As the lights go up on Ken Ludwig’s
“The Game’s Afoot” at the Sutter Street Theatre, we see Sherlock Holmes,
recognizable by his trademark deerstalker hat, and a man in black who is
soon identified as Holmes’s arch enemy Moriarty pointing a gun at him.
Holmes is unarmed as Moriarty has stolen his gun. Moriarty attempts to
kill Holmes, but Holmes has previously removed the bullets from the gun.
Foiled, Moriarty leaps to his death out a three story window.
We are witnessing the climax of a
play within a play, but as the actors take their curtain calls another
shot rings out and the star falls to the ground.
Two weeks later, the actor William
Gillette (played to egotistical perfection by John Haine), who was
playing Holmes, is recovering in his palatial castle, built with the
money he has earned playing Sherlock Holmes for fifteen years on
Broadway. It is Christmas Eve and Gillette is hosting a party for his
fellow cast members. A fierce blizzard rages outside, so no one will be
The party, we learn, is a subterfuge
for Gillette’s intent to uncover his attempted murderer. (Throughout the
play various characters need to remind him he is not really Sherlock
Holmes.) The cast is all there, Felix (Jason Titus) who played
Moriarty, is present with his wife Madge (Laura Luke). Simon Bright
(Anthony Raddigan), the male romantic lead accompanies actress Aggie
Wheeler (Heather Warren) whom he has recently married following the
tragic death of her first husband, who has left her his huge fortune.
Another guest arrives later, the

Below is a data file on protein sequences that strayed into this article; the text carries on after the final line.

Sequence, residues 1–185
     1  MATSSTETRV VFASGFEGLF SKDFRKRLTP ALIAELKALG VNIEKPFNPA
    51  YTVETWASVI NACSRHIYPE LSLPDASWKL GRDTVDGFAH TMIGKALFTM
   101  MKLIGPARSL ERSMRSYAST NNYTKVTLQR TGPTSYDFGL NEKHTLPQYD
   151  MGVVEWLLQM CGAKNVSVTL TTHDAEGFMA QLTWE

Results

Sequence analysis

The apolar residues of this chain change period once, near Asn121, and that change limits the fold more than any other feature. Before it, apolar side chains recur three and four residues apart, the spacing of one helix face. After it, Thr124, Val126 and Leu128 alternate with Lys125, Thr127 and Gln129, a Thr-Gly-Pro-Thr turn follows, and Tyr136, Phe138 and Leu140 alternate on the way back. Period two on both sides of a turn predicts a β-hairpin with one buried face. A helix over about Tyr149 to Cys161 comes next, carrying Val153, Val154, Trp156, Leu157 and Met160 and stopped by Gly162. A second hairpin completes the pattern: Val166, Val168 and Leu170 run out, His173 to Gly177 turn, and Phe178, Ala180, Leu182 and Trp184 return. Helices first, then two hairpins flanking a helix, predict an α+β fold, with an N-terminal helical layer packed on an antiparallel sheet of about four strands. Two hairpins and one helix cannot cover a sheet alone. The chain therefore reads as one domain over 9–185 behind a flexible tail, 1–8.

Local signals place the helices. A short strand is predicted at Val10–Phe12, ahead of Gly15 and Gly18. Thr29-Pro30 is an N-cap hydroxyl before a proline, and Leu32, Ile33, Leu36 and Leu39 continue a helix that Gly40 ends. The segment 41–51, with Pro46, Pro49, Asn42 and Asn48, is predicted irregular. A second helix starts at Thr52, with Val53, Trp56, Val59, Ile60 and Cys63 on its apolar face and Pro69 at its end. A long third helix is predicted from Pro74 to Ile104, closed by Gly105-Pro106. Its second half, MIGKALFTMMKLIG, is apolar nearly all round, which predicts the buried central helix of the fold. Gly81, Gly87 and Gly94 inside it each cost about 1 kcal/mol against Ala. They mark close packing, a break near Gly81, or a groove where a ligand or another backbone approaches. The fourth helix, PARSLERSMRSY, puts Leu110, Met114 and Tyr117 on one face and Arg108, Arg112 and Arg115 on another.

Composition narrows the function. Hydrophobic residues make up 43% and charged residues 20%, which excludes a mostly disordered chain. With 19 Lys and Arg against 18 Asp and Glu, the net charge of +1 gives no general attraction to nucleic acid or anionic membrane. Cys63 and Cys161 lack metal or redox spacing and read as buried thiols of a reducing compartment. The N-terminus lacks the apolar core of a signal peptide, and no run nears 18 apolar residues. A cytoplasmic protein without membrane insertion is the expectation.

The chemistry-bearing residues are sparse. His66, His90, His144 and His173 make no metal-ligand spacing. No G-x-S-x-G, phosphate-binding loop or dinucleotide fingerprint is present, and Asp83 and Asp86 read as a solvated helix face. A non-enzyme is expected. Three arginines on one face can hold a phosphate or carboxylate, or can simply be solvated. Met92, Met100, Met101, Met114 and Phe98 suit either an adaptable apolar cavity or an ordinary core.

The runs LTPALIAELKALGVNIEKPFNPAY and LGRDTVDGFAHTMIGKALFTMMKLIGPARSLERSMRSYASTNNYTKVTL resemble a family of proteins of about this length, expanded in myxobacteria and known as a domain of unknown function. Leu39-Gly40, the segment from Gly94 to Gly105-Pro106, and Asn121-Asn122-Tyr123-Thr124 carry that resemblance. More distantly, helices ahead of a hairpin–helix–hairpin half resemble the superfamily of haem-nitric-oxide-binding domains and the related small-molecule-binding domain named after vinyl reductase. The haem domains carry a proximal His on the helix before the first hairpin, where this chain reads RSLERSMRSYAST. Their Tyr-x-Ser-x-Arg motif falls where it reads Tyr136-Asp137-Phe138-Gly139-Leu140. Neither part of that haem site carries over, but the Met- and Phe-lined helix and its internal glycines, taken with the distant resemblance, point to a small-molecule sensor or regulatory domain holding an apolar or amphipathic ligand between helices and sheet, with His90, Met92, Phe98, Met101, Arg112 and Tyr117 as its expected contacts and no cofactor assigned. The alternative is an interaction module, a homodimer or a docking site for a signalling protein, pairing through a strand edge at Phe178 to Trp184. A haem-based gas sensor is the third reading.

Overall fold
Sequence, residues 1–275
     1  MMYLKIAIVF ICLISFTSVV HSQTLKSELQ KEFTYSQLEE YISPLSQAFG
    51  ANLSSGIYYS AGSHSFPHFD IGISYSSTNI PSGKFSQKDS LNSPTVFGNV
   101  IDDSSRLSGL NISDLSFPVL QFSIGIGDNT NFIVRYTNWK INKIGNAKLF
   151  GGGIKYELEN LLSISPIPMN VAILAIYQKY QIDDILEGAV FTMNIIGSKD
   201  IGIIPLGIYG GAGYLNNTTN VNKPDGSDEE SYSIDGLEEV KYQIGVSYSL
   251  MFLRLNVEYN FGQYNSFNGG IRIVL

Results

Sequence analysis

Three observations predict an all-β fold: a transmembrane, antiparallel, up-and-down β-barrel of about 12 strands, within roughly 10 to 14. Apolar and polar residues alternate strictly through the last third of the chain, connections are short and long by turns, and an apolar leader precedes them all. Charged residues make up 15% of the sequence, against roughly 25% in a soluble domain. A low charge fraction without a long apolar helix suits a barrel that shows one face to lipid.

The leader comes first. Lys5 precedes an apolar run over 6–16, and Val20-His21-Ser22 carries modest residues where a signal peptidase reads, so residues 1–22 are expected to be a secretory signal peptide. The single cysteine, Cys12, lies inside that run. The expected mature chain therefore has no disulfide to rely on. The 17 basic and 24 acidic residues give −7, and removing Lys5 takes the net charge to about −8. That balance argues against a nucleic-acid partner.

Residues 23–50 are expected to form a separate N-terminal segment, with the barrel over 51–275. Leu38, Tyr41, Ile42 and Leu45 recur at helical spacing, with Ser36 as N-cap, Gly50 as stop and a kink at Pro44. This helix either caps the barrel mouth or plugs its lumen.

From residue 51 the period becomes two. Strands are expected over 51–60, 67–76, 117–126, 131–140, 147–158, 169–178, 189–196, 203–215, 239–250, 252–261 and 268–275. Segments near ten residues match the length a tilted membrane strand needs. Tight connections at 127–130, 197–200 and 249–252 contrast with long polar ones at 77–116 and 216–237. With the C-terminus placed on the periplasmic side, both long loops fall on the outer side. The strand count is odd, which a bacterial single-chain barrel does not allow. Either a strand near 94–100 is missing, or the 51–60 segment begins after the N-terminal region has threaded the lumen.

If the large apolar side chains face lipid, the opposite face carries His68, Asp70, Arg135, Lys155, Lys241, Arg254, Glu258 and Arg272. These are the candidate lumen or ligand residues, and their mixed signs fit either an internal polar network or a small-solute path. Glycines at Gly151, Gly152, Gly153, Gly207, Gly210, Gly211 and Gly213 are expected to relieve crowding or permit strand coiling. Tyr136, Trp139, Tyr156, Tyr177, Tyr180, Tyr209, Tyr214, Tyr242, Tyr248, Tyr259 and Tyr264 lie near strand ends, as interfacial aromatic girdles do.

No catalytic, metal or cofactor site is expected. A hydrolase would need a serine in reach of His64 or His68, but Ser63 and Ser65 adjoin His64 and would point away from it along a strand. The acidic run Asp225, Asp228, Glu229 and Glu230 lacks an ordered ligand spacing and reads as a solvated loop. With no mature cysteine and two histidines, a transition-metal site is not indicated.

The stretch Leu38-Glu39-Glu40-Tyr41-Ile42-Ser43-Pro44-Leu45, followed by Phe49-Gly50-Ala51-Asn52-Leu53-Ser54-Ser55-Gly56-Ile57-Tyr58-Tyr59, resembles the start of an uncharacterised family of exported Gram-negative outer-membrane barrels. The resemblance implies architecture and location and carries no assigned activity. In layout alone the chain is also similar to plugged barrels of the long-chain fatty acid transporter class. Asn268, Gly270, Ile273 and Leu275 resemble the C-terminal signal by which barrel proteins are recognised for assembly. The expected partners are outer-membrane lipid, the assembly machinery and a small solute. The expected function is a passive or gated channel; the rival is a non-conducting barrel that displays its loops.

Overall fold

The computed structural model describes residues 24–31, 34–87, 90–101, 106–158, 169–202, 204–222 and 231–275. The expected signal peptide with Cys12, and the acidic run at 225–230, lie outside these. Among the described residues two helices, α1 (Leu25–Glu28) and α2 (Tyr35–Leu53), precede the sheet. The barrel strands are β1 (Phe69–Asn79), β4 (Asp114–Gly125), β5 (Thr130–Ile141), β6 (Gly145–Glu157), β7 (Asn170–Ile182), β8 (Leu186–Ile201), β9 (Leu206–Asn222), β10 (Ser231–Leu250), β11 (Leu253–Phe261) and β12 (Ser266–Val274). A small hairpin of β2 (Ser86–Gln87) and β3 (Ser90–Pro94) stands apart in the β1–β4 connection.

glamorous theater critic Daria Chase, performed with total venom by Jody
Wills. Daria has, in the past, written vicious reviews of all the actors
in attendance. In addition to being a critic, Daria, it turns out, is
also a medium, and Gillette has arranged for her to conduct a fake
séance as a way of uncovering his assailant.
The other person present for the
party is Gillette’s dotty old mother Martha, played hilariously by
Sutter Street newcomer Shara Lynn Kelsey.
The fake séance does not have its
desired effect, but Holmes (rather Gillette) is faced with two more
murders to solve. It seems the doorman at the theater has earlier that
day had his throat slit, and at the end of Act l an additional murder
takes place among the guests at the sealed-off castle.
In Act Two help arrives for
Holmes/Gillette in the person of Inspector Goring, a tweedy policewoman
with aspirations to be an actor herself. Played by Karen Sandoval,
Inspector Goring, like the other party guests who are already actors,
launches into speeches from Shakespeare at every opportunity.
Will the murders (turns out there
are actually three) and the attempted murder be solved? You probably
already know the answer, but the culprit will certainly not be revealed
here, and the plot twists and turns and the usual red herrings, and some
hilarious slapstick, will keep you guessing until the end. For the
answer, and a totally delightful evening of murder and comedy, take
yourself to “The Game’s Afoot,” ably directed by Warren Harrison,
weekends in May at Folsom’s Sutter Street Theatre.